Hadrian’s Wall Cycle – All roads lead to South Shields

It was the last morning of our Hadrian’s wall cycle as I opened my weary eyes to be greeted by our trusted friend – the rain! It obviously loved our company as it waggled down from the sky panting like a happy dog eager for its daily run.

As the sun rose sleepily into the sky we had the knowledge that our prepaid taxi driver would be expecting our arrival in South Shields at 1pm.  Our damp clothes squeaked as we made our way down the stairs to indulge in our final cooked breakfast.

Rainy days again!

Our bicycles hit the tarmac.  It was a busy little road with cars flying by spraying us with endless amounts of cold rain water…  We only had thirty miles left to pedal and we were already soaked through to the bone.  Our wet clothes clung to our skin and I wondered     ” What ever happened to those sun gods? “.

After an hour of cycling through beautiful country parks, along old disused railway lines and in amongst leafy forests with everything looking so fresh and green, the faithful rain finally gave up and decided to go and find someone else to play with.  We eventually met the river Tyne and began to follow its peaceful flow towards the city of Newcastle.

Old railway bridges to cross

As the river widened the countryside slowly disappeared to become cluttered buildings and concrete motorways… We were soon greeted by row upon row of bridges, of various shapes and sizes leading us towards the busy city…. Hadrian’s wall had been replaced by a modern world.

Cycling into Newcastle
Newcastle and it's bridges

We happily stopped to refuel at a 16th century old pub which sat right next to the river. With a warm bacon butty ( sandwich)  and a hot cup of coffee in hand everything seemed perfect! Time ticked by and we realised that we still had 10 miles to go to South Shields…

On the banks of the Tyne

Well rested and our tummies full we hit Route 72 again.  The trail weaved itself through the city of Newcastle like a snake.  We said hello to many locals, young and old as we pedalled past them.

Dotted along the route there were small sections of Hadrian’s wall determined to stay standing and we celebrated this historic achievement with a mini photo shoot!   As we approached the cycle tunnel that would take us to South Shields we were shocked to discover that it was closed!!  Our time was limited and we were beginning to panic that we might miss our ride back to Ravenglass.


Luckily our map informed us that we could continue further north to catch a foot ferry.  The race was on.  I was relieved to get a text reading that our taxi was running late…good news for us! That message gave us the momentum to push on at speed. We pedalled with determination following endless signs that took us all over Tyneside.  It turned the end of our cycle ride into a Tour De France race… it all became a bit crazy!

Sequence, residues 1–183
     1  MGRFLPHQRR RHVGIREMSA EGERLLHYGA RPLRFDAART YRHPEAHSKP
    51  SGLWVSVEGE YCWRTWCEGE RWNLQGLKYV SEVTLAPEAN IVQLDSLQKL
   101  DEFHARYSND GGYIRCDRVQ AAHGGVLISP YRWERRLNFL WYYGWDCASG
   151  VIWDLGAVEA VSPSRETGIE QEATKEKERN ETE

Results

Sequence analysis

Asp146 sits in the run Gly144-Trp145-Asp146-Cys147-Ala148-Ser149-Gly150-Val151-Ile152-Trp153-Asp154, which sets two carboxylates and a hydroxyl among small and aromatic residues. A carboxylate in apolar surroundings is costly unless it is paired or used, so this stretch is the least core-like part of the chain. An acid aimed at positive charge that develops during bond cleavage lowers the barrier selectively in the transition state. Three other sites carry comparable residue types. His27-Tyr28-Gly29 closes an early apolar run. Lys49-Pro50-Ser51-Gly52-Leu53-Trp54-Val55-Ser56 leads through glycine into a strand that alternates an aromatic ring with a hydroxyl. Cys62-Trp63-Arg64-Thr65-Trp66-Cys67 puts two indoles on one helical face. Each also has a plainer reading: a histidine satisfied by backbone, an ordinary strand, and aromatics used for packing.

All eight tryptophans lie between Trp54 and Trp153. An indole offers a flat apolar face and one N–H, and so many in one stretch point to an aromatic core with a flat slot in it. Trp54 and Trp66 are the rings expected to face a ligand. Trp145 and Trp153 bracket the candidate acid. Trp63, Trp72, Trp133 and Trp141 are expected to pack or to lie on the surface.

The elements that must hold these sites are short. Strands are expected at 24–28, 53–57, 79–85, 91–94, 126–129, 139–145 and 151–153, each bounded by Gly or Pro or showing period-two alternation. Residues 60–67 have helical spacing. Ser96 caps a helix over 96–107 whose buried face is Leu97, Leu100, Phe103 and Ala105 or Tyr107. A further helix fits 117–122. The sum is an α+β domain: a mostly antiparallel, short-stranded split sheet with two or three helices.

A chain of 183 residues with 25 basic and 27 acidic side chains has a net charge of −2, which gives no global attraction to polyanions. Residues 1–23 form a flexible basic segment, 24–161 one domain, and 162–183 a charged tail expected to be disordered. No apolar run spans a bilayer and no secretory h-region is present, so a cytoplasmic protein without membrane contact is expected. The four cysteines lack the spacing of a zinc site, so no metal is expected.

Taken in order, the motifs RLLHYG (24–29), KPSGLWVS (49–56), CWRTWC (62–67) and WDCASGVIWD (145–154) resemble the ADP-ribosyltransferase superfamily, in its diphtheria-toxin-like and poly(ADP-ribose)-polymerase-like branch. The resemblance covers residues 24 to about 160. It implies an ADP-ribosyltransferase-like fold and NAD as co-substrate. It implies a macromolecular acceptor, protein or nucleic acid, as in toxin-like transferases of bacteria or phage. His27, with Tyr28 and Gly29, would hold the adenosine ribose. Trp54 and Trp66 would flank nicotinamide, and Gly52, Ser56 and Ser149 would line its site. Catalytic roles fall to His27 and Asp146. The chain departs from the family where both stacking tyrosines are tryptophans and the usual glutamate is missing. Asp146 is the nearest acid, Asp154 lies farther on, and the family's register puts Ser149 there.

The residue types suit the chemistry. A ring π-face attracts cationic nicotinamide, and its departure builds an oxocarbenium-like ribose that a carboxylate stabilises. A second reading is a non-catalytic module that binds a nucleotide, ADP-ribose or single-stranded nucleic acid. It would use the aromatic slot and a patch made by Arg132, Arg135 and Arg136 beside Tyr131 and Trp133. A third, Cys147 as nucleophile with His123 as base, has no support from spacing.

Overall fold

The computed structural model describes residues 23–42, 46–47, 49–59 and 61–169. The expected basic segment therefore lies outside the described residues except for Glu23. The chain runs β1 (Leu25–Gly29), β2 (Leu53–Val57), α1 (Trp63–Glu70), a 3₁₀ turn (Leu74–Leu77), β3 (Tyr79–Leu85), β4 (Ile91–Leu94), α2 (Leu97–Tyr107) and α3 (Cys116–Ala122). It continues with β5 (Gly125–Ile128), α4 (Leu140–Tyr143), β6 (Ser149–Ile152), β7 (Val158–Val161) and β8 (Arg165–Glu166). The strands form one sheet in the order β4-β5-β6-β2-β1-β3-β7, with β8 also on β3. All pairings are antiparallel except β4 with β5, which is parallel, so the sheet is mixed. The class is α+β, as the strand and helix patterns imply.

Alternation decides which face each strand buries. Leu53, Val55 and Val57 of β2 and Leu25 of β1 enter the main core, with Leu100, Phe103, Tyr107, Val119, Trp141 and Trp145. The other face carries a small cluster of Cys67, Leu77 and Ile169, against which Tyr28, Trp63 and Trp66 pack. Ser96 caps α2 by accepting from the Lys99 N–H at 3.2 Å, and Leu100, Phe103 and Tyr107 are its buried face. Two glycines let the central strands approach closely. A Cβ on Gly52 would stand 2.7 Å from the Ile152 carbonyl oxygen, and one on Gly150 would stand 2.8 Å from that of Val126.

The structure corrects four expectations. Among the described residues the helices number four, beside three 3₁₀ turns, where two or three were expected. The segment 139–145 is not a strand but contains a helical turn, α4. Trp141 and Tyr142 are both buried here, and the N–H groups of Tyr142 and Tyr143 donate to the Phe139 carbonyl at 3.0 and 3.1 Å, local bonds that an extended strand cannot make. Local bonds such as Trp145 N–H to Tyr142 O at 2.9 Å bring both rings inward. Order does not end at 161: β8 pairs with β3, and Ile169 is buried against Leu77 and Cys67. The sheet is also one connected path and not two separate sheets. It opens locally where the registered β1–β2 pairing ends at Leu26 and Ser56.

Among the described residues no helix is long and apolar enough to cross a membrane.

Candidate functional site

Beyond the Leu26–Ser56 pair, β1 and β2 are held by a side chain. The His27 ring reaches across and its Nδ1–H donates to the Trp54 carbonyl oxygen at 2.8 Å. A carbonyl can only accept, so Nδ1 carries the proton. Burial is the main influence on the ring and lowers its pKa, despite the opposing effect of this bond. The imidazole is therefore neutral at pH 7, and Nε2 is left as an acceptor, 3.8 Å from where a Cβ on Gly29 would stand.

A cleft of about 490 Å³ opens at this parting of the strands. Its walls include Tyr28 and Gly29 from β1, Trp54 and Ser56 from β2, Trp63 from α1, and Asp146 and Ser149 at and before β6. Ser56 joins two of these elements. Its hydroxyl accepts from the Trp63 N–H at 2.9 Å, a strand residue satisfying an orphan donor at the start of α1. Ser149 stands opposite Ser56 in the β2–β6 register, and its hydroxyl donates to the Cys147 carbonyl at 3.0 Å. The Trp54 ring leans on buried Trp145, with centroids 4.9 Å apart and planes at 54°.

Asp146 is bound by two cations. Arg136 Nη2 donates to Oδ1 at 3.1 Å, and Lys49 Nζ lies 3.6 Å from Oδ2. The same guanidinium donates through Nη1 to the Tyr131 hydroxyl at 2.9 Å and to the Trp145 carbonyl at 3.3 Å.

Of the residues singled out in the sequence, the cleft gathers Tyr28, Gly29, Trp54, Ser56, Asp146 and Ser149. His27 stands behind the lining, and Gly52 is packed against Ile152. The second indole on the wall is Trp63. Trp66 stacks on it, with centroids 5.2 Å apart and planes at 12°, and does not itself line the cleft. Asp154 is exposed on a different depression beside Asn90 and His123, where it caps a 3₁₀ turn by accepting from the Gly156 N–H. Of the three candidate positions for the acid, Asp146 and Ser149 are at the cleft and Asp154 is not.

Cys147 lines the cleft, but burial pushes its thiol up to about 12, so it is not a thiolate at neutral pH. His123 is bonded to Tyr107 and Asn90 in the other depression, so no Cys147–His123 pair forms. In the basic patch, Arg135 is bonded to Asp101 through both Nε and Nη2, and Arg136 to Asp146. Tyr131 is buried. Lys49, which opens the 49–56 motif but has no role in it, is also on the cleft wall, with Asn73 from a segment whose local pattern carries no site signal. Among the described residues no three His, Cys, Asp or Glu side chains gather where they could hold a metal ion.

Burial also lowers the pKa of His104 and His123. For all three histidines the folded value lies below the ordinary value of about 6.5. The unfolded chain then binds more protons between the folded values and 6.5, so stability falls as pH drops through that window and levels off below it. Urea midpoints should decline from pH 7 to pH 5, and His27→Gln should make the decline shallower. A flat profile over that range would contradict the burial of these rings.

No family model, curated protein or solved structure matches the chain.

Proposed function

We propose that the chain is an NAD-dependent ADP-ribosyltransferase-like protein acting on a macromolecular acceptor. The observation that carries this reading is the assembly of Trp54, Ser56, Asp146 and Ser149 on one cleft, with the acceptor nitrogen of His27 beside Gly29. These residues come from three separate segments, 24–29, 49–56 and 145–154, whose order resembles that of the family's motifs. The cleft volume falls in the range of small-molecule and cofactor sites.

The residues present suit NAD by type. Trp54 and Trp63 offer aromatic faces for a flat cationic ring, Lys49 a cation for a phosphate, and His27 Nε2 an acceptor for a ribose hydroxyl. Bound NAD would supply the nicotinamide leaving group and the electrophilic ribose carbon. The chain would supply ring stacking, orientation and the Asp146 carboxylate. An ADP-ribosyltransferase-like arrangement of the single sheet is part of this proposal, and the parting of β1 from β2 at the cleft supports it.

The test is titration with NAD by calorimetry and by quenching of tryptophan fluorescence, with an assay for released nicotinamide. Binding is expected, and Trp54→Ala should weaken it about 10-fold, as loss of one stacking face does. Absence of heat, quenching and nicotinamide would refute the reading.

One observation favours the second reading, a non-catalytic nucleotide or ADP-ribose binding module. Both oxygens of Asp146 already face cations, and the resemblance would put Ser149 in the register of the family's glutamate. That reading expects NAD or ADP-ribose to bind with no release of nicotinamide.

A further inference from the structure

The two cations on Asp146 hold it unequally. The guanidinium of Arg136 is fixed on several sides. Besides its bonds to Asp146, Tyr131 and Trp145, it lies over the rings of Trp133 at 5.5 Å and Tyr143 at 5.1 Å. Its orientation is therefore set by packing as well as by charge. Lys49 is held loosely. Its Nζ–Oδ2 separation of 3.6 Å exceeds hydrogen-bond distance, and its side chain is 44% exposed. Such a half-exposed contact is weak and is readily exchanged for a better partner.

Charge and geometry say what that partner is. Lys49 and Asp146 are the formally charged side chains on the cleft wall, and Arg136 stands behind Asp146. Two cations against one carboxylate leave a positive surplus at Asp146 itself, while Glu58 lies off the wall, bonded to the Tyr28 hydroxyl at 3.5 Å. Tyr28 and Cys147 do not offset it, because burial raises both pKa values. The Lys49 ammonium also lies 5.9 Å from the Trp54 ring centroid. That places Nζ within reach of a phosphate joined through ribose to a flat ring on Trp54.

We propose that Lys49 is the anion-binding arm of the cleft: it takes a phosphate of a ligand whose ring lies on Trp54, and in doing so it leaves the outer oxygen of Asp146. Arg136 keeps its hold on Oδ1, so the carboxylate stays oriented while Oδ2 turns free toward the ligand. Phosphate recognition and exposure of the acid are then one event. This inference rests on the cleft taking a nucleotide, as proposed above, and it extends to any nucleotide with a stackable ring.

The foot ferry in Tyneside

The ferry grumbled against the wharf edge unloading passengers from South Shields.  With our bicycles resting on board it took about 10 mins and a friendly chat with another cyclist to get to the other side…in the back of our mind the clock was ticking!

Our spokes were soon turning again with force.  As we left the foot ferry behind we happily saw the sign: 1 mile to the Arbeia Roman Fort! With our legs pumped full of energy, we pedalled like mad hitting the steep hill that took us up to the Fort and there it was in all its glory… the end of the ride!!!

We make it to the end!

The boyfriend and I were so excited to reach our final destination that we forgot to acknowledge our taxi driver who had been waiting an extra 30 mins for us late comers!  We jumped off our bikes to do a bit of a celebratory dance…We made it!

We had cycled 184 miles over a very rainy four days and it was tough at times.  I had managed to raise about 700 pounds for a Parkinson Charity and I am sure my Dad would have been very proud!

The Arbeia Roman Fort

I would love to THANK everyone who found the time to read this and I hope you can all join me again on my next cycling adventure?

If anyone is interested in the small details: It took us 3 hours by taxi to get back to Ravenglass ( Thank you to Ecocabs! ) It then took us a further 5 hours drive back to London with the bikes safely attached to the boot of our trusty Micra.   We arrived back in London at 11pm pretty tired but elated!

32 thoughts on “Hadrian’s Wall Cycle – All roads lead to South Shields

  1. Enjoyed reading your diary, I am just researching the route for a ride in June 2013 with a small group of friends. You took great photos and it looked like you had an amazing time. . .too bad the weather was so grim. Really helpful, thanks.

    1. Newcastle has such an interesting array of bridges and its buildings of old and new are jumbled together so well you don’t know which way to look! Thanks for the comment!

  2. Excellent picture of the bridge, and congrats on finishing the ride! Cycling in the rain is never fun (unless you’re on a mountain bike).

  3. Great story made even better by your excellent photos. I almost feel that I have made the trip myself – good thing too, as I never learned to ride a bike. Do people do this route on foot, like England Coast to Coast?

    1. We are now quite use to cycling in the rain.. and agree that sometimes it is quite fun! We have luckily seen that part of the country in sunshine and believe it is beautiful no matter what the weather…

  4. Well done to you- mission beautifully accomplished! Love your bridges photos in Newcastle. It’s a good-looking city isn’t it? Shame about all the rain. You’ll have to come back one sunny day. They do exist up here, honestly. (looking out of the window- just not today!)

    1. So glad you enjoyed the read! We love the north of England no matter what the weather! It is a beautiful part of the country. We look forward to returning one day soon?

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